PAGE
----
The Sioux, Crows and Blackfeet dominated the Northern Plains. These Native American groups met adversity as the steady stream of European immigrants into northeastern American cities pushed a stream of immigrants into the western lands already inhabited by these diverse groups of Indians.

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    The early nineteenth century in the United States was marked by its steady expansion to the Mississippi River. However, due to the Gadsden purchase, that lead to U.S. control of the borderlands of southern New Mexico and Arizona in addition to the authority over Oregon country, Texas and California; America’s expansion did not end there. Between 1830 and 1860 the U.S. roughly doubled the amount of territory within its control.

    These territorial gains coincided with the arrival of hordes of European and Asian immigrants who wished to join the surge of American settlers heading west. This, combined with the discovery of gold in 1849, presented attractive possibilities for those prepared make the extended quest westward. Therefore, with the military’s protection and the U.S. government’s assistance, many settlers started building their homesteads in the Great Plains and other areas of the Native American group-inhabited West.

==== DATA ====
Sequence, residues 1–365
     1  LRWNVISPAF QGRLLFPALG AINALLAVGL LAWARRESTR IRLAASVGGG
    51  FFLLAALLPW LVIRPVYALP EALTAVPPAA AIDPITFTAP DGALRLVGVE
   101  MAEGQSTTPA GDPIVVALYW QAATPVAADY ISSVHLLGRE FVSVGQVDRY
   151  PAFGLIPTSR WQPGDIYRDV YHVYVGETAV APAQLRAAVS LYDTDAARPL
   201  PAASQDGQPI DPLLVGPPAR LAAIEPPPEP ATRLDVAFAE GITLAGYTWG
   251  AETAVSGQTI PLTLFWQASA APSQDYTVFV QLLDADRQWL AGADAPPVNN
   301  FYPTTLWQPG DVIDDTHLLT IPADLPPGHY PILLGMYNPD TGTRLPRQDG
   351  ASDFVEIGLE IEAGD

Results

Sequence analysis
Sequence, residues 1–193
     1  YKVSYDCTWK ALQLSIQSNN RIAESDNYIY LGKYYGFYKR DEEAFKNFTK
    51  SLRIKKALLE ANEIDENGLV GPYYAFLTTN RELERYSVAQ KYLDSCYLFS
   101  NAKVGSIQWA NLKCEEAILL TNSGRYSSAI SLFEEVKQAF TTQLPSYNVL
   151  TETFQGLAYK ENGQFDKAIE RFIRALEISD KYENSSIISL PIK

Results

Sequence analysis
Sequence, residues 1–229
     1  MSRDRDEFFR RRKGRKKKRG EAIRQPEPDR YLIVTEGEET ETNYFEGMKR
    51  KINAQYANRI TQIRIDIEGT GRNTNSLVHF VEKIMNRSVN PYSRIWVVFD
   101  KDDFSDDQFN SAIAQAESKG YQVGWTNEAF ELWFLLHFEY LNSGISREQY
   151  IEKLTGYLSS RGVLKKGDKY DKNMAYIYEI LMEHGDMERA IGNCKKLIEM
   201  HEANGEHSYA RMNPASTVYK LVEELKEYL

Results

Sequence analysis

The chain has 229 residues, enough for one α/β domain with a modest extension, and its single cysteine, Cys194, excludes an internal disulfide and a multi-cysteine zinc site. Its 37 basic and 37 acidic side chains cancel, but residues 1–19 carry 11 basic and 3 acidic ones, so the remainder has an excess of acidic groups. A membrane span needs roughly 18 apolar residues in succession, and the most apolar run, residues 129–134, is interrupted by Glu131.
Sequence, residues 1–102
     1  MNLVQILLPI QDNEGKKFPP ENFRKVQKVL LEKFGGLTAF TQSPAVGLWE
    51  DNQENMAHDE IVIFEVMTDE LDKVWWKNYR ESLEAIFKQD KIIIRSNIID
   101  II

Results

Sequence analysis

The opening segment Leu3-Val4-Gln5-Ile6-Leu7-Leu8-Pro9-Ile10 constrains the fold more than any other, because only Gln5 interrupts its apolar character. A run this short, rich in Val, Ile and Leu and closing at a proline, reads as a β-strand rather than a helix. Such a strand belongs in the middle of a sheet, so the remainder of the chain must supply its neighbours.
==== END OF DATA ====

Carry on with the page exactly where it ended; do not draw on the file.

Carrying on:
signing the treaty of traverse des sioux

    Native American Tribes


    Native American Policy can be defined as the regulations and operations developed and adapted in the United States to define the relationship between Native American tribes and the federal government. When the United States first became an independent nation, it implemented the European policies towards the local peoples, but throughout two centuries the U.S. adapted its very own widely varying regulations regarding the evolving perspectives and requirements of Native American regulation.

    In 1824, in order to administer the U.S. government’s Native American policies, Congress made a new agency inside the War Department called the Bureau of Indian Affairs, which worked directly with the U.S. Army to enforce their policies. At times the federal government recognized the Indians as self-governing, distinct political communities with numerous cultural identities; however, at other times the government attempted to force the Native American tribes to give up their cultural identity, give up their land and assimilate into the American traditions.